Should Freshmen be First or Last in Line?

Should Freshmen be First or Last in Line?
Freshmen typically wait last in line for class registration, but some community colleges are challenging this standard by giving the frosh class first priority. Learn about the new programs that are designed to give freshmen the first pick in classes at community colleges.

At most community colleges, freshmen are usually the last in line to register for classes. Unfortunately, this means many new students don't get the courses they need to pursue the degree programs of their choice. The end result is numerous frustrated, cash-strapped students – some of whom actually drop out of school because they can't afford the time or money it costs to wait around until necessary courses become available.

The good news is that some community colleges are hoping to change this scenario by restructuring the priority registration hierarchy. Freshmen may just get an earlier start on completing their degree programs.

Rio Hondo College

Rio Hondo, located in Whittier, California, is bucking the trend on how freshmen register for their first semester. Instead of making students wait in the last spot, new students receive priority registration to help them enroll in the classes they need for their chosen degree programs. According to a report in the Whittier Daily News, high school students from El Monte Union High School District who enroll at Rio Hondo will receive priority registration during their first semester.

This video describes priority registration at California community colleges.

Henry Gee, vice president of student services at Rio Hondo College, told Whittier Daily News that the program will help new college students prepare for the career for which they are striving. Gee said, "Slots in the classes are so tight right now…if you show up and register last, there is hardly anything available. This really gives them a jumpstart in their career, taking the classes they want to take.”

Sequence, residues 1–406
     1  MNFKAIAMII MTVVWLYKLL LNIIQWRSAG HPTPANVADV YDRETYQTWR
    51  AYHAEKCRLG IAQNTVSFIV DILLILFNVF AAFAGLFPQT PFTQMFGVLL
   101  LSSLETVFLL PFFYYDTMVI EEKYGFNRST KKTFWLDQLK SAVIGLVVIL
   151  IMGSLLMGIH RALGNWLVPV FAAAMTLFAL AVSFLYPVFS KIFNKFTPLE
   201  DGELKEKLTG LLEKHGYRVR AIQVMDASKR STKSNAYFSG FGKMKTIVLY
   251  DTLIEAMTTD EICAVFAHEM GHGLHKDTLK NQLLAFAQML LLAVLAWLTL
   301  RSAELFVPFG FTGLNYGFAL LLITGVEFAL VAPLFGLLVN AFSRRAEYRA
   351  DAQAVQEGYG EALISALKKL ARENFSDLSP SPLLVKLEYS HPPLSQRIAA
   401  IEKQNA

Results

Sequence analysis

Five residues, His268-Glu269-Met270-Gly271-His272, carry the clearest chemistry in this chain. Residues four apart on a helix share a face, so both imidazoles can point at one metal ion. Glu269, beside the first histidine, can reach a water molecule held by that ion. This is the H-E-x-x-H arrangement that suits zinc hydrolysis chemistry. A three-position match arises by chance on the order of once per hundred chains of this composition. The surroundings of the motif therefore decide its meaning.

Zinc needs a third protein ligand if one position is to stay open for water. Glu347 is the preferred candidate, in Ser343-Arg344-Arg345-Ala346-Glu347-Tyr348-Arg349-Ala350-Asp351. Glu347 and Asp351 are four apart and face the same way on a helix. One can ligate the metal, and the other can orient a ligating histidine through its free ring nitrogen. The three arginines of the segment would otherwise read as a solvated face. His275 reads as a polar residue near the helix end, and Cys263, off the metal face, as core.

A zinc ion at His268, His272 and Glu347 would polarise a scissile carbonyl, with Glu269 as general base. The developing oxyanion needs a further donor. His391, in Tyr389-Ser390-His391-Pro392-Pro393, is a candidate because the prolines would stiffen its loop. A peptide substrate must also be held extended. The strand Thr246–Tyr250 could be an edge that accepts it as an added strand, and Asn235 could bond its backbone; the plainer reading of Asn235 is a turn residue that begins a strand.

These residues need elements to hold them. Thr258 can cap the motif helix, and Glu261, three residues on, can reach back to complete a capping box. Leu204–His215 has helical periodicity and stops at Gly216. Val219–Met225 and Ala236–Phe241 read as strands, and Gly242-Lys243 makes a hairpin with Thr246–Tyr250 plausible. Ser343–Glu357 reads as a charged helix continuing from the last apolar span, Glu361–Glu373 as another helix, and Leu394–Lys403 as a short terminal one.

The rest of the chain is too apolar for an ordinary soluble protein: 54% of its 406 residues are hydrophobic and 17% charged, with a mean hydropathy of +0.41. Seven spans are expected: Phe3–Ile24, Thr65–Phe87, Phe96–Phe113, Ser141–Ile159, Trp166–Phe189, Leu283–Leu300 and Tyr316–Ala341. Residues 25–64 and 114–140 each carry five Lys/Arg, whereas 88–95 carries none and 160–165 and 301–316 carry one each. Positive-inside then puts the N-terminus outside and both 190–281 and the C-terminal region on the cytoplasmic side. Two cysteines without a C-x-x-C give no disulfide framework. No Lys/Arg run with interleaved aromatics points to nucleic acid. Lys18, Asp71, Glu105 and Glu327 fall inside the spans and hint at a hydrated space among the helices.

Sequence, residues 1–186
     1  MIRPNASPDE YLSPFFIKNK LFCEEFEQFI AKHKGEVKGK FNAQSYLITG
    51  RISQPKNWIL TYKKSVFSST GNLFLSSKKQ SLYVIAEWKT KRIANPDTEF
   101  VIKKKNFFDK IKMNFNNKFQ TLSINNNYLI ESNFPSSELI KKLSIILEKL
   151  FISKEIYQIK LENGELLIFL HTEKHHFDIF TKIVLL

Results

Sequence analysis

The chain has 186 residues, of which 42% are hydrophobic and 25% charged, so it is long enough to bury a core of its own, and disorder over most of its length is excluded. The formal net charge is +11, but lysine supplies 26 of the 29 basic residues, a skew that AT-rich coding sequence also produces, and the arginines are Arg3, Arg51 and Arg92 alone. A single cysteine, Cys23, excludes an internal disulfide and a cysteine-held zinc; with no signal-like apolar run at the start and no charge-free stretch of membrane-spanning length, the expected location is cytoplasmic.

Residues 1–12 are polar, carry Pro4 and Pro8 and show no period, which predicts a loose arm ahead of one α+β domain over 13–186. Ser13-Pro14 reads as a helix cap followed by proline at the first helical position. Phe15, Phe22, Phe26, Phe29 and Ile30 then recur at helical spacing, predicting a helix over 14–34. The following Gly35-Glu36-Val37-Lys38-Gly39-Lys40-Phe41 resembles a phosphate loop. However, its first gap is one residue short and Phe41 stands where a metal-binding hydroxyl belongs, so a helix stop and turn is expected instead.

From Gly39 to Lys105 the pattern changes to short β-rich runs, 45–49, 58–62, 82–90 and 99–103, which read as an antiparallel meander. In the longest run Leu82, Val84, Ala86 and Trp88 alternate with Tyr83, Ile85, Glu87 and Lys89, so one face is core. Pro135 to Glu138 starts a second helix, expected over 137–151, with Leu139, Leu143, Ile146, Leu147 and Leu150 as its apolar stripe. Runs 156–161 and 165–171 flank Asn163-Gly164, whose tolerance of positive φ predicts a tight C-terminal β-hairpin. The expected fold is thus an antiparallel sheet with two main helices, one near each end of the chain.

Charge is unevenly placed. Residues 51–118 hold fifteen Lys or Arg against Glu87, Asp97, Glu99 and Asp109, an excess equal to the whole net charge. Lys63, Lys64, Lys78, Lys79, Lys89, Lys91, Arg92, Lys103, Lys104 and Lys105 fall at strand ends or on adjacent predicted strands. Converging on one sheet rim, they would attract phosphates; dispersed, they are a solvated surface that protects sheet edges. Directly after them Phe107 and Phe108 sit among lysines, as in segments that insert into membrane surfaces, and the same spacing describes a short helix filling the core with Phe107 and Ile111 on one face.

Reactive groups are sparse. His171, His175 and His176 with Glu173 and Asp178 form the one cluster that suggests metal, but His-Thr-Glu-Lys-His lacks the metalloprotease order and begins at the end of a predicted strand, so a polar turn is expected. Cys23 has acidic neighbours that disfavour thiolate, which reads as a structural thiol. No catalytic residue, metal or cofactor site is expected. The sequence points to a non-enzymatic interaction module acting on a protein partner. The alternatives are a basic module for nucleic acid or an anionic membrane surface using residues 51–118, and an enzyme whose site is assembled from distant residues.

Part of the problem community colleges face, according to a report in the Pasadena Star-News, is that budget cuts have forced the campuses to cut the number of class selections they can offer. This results in fewer courses that tend to fill up quickly, leaving freshmen out of luck. Some students may face delays of months – or even years – in completing coursework, preventing them from quickly moving onto a four-year institution or into the career of their choice.

In addition to the early registration process, Rio Hondo students who maintain a 3.0-grade point average and take all the required classes will also be guaranteed admission to UC Irvine after their community college courses are complete. This ensures that motivated students can pursue their career goals, no matter what their background or financial situation might be.

School leaders at Rio Hondo, UC Irvine, and the school district agree that this program will be a significant boost to students who might be the first in their families to attend college and are completely unfamiliar with the admission process. Manual Gomez, UC Irvine vice-chancellor of student affairs told the News, "UCI is maybe 30 miles from here. UCLA is maybe 30 miles from here. But they might as well be 5,000 miles away in terms of the social reality and the social distance that some of these families and students actually must travel in their consciousness, in their development, in their confidence to arrive at the door of higher education."

Other Options

In addition to the pilot program currently offered at Rio Hondo, other community colleges are finding ways to help freshmen get the courses they need. According to the website for Cerro Coso College, also in California, students who graduate from high school with a high GPA and a few AP courses under their belts can be eligible for the college's honors program, which also provides priority registration. This program is designed to reward highly motivated students and also includes benefits throughout the student's time at Cerro Coso, as well as transfer arrangements to participating four-year institutions afterward.

This video describes how priority registration works at Sussex County Community College.

Pierce College in Woodland Hills, California, offers priority registration to students who apply for admission to the college early in their senior year of high school. This gives early birds the chance to grab necessary courses before other students begin signing up. The deadline for early admission for Pierce is May 1st prior to the fall semester. The early admissions program is clearly explained on the college's website, so students can easily complete all the steps prior to the deadline.

Freshmen at community colleges frequently deal with the frustration of trying to register for courses whose seats have already been filled. This frustration may even result in some students dropping out of college before finishing their degree program and achieving their career goals. Fortunately, some colleges are creating new admission programs that allow freshmen to get the courses they need right away and increase their odds of academic success. Before you register for community college, find out what your college might do to help freshmen get the classes they need.

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